It was a Monday so that probably had a lot to do with it. But still, have you ever been to Disneyland on a Monday in August? If school's out, Disneyland's in - and packed to the rafters.
Okay, we've established that the shorter lines and less crowded walkways make this theme park attractive for middle age adults who may not have the theme park buzz like they used to, but the true judges of any theme park have to be the kids. The 10- and 13-year-olds we brought along for the day were our testers - they were the ones who would strap it on and experience most of the rides that Great America has to offer.
We noticed right off that the 364-acre park appeals to literally all ages, with the roller coasters and thrill rides for the teens and 'tweens, and Kidzville and Nickelodeon Central for the little guys. For those adults who want to pretend they're not really at a theme park, Great America even has a sports bar with real adult beer. Restaurants seem to appeal to all tastes, with lots of funnel cakes, churros and other sweets, but also fast food and even some sit-down restaurants such as Maggie Brown's where you can enjoy fried chicken, mashed potatoes and corn.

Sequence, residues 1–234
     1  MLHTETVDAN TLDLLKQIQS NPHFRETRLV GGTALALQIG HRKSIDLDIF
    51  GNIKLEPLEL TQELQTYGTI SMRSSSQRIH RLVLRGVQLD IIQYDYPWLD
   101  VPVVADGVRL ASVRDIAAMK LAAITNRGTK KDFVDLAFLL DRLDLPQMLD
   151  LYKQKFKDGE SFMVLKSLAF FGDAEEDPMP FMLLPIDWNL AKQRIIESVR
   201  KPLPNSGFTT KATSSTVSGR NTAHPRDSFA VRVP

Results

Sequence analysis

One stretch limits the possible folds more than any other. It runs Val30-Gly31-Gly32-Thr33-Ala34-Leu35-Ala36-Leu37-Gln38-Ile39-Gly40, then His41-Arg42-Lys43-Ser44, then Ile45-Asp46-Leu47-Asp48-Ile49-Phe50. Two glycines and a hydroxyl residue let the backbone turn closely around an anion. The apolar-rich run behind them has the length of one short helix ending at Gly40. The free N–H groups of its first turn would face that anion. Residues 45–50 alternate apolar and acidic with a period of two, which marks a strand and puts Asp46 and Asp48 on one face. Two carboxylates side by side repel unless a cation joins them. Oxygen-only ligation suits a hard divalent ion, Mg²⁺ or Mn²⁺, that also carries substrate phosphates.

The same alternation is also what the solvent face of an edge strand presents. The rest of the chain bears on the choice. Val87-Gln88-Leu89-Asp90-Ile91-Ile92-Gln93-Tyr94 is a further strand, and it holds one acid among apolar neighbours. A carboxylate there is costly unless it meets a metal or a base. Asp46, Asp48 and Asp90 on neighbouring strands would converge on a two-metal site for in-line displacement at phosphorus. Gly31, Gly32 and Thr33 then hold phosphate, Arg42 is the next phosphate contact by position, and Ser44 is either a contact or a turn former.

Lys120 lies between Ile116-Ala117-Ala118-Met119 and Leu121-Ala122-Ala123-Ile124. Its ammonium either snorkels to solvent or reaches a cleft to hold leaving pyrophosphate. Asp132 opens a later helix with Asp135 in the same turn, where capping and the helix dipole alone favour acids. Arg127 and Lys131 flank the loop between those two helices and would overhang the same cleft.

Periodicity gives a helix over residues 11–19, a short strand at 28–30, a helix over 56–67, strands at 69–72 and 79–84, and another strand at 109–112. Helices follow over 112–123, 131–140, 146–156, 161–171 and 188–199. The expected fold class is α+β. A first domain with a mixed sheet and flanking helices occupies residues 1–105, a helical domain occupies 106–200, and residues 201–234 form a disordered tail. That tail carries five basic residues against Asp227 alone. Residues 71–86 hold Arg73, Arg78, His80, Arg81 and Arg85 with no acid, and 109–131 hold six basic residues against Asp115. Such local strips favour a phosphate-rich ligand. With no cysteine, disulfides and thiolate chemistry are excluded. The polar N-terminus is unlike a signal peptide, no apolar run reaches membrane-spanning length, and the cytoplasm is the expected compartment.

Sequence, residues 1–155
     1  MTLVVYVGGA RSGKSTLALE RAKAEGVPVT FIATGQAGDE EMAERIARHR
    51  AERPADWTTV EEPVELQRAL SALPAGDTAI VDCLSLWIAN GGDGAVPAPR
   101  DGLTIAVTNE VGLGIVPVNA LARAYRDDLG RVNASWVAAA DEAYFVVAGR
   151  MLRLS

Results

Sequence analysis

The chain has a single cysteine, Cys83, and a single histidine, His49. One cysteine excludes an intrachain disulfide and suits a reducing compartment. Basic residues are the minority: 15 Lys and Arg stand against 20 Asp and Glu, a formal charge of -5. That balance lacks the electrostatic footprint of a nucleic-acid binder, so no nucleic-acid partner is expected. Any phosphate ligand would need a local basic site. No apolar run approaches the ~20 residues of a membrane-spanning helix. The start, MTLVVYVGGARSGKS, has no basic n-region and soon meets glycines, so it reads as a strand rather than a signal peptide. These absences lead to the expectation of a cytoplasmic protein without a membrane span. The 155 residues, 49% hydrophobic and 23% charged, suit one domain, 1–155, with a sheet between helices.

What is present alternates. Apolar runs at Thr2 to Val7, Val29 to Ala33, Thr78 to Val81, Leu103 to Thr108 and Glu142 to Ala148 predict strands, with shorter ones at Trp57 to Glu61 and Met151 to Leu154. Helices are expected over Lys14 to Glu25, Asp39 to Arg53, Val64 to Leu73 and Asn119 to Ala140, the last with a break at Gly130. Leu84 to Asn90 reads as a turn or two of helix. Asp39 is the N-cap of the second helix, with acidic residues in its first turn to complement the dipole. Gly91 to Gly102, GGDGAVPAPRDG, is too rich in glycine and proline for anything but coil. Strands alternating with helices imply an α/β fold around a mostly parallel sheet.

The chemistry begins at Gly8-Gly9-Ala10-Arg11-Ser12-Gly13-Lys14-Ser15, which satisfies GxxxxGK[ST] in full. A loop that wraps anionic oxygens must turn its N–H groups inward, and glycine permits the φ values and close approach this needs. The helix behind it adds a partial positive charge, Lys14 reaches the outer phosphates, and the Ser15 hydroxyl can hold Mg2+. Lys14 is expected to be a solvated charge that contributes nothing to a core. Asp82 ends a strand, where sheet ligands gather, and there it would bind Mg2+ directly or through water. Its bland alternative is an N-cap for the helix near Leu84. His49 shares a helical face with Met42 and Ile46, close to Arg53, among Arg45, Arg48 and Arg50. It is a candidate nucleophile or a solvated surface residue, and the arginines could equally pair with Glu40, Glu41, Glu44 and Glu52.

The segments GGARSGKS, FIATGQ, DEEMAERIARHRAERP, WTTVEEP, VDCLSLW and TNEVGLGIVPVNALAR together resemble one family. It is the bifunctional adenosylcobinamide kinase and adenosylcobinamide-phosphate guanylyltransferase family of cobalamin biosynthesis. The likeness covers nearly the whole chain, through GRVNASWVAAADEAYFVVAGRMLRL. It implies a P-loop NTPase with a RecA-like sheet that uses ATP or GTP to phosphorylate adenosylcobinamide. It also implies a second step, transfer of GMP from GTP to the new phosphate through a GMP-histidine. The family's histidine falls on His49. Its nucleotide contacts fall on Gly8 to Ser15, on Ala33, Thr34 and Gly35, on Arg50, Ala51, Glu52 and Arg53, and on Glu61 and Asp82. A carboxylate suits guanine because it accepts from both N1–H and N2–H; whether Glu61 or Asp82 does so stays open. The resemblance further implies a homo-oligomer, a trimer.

Another thing you notice right away is that California's Great America is actually two theme parks - the original park and a water park that was added a few years ago called Boomerang Bay. Guests get into both areas of the park - a total of 55 rides -- for the same general admission price.
Troy, the 10-year-old, made a beeline for the roller coasters - of which there are eight -- while his older sister Ashlea offered to accompany him with certain restrictions: she would not, she declared, ride on anything that made her go upside down. Since most of the roller coasters and thrill rides do that, Troy became the primary test pilot on several of the more aggressive roller coaster rides such as the Demon and the Vortex. He did get some companionship on the Grizzly, the parks's "old fashioned" roller coaster made from lumber back in the good old days.